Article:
Consultant: We'll search again if Carter isn't hired
New London - The consultant hired to lead the search for a new superintendent of schools said last week that her firm will continue its search if the Board of Education does not hire Terrence P. Carter, its embattled first choice.
"We are not happy if the board is not happy and we will continue to support their search until they hire a candidate," Sharon Cox of McPherson and Jacobson wrote in an email Friday. "No additional fees would be charged, the only additional costs would relate to expenses incurred such as advertising, travel, etc."
The Board of Education on Feb. 28 entered into a contract to pay the Nebraska-based firm $8,000 up front and $8,000 plus additional expenses at the conclusion of the search.
The firm billed the board on June 26 for the second $8,000 plus $7,364.26 for expenses, including airfare, lodging, meals and car rental.
Earlier this week, members of the superintendent search committee said they were not satisfied with the job McPherson and Jacobson did in screening Carter, whom the Board of Education on June 12 unanimously selected as the city's next superintendent.
"I think that McPherson and Jacobson, the search firm that was hired, did a poor job in that they didn't find out this information," Richard Baez, president of the New London Education Association and a search committee member, said Wednesday. "They did a disservice to the search committee, to the Board of Education and to New London in that had they done their job properly, all of this would have been vetted out earlier and we wouldn't have been put in this position."
After Carter was appointed by the board and welcomed by the community at a reception at Ocean Beach Park, news reports revealed that he had misrepresented himself - or allowed others to misrepresent him - as having a Ph.D. for more than five years before he completed his doctorate. In addition, Carter has twice filed for bankruptcy in the last 15 years.
The firm "probably could have done a little better," Board of Education President Margaret Mary Curtin said Wednesday.
"If the information was there, I would have expected it" to come out during the vetting process, she said.
Cox could not be reached Saturday afternoon to comment specifically on her firm's screening of Carter. But in an email late last week, she described the typical search process.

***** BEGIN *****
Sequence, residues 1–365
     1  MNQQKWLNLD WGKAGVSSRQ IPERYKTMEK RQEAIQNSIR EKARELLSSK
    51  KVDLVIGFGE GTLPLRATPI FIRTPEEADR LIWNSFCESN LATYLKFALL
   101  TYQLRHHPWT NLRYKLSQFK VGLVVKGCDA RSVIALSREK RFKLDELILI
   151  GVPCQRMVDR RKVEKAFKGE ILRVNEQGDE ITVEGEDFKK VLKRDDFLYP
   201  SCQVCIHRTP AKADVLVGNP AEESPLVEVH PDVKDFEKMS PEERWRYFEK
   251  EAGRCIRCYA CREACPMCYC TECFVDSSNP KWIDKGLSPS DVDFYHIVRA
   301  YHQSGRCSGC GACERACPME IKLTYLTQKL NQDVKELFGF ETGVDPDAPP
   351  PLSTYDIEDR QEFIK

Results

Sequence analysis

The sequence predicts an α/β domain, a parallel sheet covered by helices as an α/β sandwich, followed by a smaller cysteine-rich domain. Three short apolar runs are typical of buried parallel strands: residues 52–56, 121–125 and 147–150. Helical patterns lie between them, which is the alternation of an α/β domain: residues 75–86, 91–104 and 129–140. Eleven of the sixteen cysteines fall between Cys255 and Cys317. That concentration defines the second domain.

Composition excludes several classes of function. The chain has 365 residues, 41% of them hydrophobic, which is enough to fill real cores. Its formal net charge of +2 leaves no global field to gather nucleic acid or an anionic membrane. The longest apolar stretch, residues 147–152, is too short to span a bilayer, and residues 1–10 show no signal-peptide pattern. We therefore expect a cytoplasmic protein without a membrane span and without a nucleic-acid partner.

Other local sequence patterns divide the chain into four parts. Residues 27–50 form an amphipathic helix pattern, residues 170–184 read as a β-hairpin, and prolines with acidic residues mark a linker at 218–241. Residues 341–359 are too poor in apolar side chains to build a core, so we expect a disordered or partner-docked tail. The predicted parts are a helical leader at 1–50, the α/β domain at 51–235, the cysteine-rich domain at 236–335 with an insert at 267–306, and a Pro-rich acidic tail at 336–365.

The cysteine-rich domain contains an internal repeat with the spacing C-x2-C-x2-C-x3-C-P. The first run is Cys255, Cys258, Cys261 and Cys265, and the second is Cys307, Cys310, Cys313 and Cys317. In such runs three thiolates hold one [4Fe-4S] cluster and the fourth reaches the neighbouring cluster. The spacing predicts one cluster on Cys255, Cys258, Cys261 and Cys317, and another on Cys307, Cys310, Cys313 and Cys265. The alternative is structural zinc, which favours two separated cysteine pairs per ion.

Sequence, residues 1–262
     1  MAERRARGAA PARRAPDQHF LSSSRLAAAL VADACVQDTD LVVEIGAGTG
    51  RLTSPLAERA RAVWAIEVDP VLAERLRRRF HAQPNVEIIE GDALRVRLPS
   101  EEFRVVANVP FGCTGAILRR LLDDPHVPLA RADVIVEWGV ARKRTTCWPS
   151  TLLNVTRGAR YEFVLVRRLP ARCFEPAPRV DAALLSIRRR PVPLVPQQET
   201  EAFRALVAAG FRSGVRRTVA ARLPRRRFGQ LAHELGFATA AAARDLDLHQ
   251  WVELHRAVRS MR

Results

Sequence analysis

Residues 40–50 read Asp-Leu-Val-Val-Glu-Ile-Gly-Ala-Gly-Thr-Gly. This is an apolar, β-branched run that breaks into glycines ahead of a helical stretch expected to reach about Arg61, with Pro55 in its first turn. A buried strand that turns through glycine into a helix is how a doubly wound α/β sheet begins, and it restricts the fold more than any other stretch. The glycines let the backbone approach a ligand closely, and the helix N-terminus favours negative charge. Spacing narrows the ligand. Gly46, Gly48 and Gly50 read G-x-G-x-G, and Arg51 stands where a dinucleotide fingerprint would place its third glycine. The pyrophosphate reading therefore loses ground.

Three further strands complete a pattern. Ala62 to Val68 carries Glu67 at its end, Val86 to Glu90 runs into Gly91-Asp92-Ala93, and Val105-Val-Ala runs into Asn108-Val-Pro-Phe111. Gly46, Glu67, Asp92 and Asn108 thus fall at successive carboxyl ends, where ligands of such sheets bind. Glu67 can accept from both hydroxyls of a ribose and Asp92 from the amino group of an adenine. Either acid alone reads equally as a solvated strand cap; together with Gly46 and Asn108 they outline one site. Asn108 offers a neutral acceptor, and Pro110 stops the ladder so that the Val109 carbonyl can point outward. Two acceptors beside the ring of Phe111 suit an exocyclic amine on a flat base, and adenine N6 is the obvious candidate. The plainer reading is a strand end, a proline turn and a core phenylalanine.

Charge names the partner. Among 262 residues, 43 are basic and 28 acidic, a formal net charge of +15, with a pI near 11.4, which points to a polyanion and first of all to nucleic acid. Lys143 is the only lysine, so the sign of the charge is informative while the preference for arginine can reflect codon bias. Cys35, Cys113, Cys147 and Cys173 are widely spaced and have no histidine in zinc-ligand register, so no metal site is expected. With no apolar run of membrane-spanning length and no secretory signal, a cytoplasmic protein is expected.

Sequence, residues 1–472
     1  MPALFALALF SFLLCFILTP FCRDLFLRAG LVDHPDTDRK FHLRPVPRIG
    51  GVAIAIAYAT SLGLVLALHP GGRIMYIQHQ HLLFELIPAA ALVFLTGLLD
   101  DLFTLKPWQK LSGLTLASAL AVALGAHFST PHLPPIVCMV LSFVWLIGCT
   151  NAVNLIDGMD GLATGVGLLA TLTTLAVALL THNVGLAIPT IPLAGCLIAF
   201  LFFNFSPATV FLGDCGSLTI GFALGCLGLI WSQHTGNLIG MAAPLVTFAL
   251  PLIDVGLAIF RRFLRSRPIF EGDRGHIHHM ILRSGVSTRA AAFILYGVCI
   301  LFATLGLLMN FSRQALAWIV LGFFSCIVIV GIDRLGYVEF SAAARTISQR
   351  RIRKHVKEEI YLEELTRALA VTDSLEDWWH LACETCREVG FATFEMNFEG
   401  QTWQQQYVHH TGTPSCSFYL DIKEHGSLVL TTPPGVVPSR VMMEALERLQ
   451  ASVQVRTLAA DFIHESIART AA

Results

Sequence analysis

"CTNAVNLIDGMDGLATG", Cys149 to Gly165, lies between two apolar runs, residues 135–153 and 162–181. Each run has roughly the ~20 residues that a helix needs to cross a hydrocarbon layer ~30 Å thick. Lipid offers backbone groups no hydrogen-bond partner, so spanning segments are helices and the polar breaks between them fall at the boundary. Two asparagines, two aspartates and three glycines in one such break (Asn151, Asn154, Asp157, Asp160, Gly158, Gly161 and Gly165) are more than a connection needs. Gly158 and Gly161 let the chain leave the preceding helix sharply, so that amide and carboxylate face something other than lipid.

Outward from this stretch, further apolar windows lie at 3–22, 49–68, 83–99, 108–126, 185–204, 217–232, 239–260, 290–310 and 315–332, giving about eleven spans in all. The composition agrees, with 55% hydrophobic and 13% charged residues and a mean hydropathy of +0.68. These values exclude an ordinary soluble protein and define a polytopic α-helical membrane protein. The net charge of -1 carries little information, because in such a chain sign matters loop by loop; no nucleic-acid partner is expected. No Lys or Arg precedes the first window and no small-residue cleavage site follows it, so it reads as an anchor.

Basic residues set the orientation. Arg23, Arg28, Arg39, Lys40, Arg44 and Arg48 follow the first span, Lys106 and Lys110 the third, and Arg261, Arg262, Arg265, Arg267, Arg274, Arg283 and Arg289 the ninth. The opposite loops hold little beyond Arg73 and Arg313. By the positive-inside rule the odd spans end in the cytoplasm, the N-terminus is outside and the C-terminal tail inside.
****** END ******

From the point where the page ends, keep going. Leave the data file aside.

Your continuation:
In addition to running criminal and financial background checks for the last seven years, Cox said, consultants screen each candidate by reviewing their background and interviewing people who have worked with or employed the candidate.
"These are not just the references provided," Cox said. "We cold call people and promise that while the information provided will be shared, we will not divulge the names of folks with whom we spoke without their permission."
Before it interviews a candidate, the search committee receives each candidate's completed application, resume, list of references and a summary of the consultant's screening. In addition to a completed application, Cox said, McPherson and Jacobson requires that the candidate submit transcripts and professional certifications to show evidence of qualification for the position.
Though the consultant reviews the candidate's transcripts and certifications, those "are not routinely shared with the selection committee," Cox said.
The results of the criminal and financial background checks are shared with the search committee after the finalists are chosen, she said.
The Board of Education's contract with McPherson and Jacobson also included a one-year warranty, Cox said.
"Our contract also stipulates that if the board completes the five phases of the search and the person hired leaves the position for any reason during the guarantee period, we will redo the search for expenses only," she said.
The school board was scheduled to meet Monday to vote on a contract, but then delayed that meeting until Thursday. On Thursday, members voted unanimously to launch an independent investigation into Carter's academic record and financial background, and to defer any action on a contract until the inquiry is complete. That probe is expected to take about 30 days.
Stories that may interest you
Natives of the region earn their degrees from colleges and universities across the country.
Hundreds of demonstrators took to the streets of downtown New London on Saturday to protest the police-involved death of George Floyd in Minnesota.
Elva Graveline’s name has become a rallying cry in southeastern Connecticut.
After the death of his friend, Haseeb Qureshi isolated himself and didn't talk to anyone. He said his classmates at Saint Bernard helped him through it. "They put me into their community."